When we speak in our regional languages we use the name Bharat or Bharata Matha. But while addressing the nation in English, we refer to it as India

National Language of India

India does not have a national language.  However, Hindi and English are used for official purposes of the Union and for use in Parliament. There are 22 official languages as mentioned in article 343/1 of the Constitution of India. The states of India are free to adopt one or more local languages for all or any of the official purposes of that state. However Hindi continues to be the predominant language of the Central government.

22 Offical languages of India

India has 22 official languages, namely Assamese, Bengali, Bodo, Dogri, Gujarati, Hindi, Kannada, Kashmiri, Konkani, Maithili, Malayalam, Manipuri, Marathi, Nepali, Oriya, Punjabi, Sanskrit, Santhali, Sindhi, Tamil, Telugu and Urdu.

22 Official languages in India

22 Official languages in India

Languages on the Currency notes

Currency notes in India typically carry the denomination in all 17 languages. 15 languages on reverse of Indian Notes and 2, Hindi and English, on the front of the note.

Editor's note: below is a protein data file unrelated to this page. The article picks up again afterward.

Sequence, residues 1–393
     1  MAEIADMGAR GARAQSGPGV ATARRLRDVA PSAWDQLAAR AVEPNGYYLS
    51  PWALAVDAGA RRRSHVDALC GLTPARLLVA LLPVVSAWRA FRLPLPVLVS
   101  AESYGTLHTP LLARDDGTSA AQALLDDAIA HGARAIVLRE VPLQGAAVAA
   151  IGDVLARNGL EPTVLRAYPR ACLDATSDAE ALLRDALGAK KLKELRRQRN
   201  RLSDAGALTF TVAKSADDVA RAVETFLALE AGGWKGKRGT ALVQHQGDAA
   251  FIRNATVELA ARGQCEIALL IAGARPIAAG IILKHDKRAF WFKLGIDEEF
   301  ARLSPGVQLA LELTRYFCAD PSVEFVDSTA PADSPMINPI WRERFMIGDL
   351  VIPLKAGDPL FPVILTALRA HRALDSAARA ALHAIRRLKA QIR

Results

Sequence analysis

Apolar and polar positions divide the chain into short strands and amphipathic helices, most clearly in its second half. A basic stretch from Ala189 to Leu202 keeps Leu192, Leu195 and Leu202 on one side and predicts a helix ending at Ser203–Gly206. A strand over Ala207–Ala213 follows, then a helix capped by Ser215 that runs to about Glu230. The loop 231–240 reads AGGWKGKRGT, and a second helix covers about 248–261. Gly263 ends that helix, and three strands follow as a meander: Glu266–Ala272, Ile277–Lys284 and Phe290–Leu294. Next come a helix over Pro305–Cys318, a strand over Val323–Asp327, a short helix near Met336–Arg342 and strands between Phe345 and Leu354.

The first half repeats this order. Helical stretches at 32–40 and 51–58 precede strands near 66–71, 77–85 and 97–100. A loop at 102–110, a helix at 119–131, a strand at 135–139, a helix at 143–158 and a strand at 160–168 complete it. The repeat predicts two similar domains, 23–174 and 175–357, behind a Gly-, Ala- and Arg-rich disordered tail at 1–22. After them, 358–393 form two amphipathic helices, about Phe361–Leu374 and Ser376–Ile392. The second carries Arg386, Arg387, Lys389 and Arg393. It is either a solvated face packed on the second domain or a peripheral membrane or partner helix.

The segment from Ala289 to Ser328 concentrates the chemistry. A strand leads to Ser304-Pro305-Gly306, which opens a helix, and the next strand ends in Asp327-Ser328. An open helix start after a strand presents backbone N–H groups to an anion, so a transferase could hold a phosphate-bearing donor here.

Languages on Indian Notes

Languages on Indian Notes

Why doesn’t India have a national Language?

After independence, constitution makers had a problem of selecting a national language which can unite a country because there were more than 1600 languages spoken in different parts of the country.

At that time Hindi was an option as Hindi was being spoken by 40% of Indians at that time. But what about non-Hindi speaking states and other documents and books which were inherited by Britishers which were written in English during British Raj. So at that time, under Artcile 343 it was decided that along with Hindi, English will also be an official language. But English will be the official language only for the next 15 years i.e. till 1965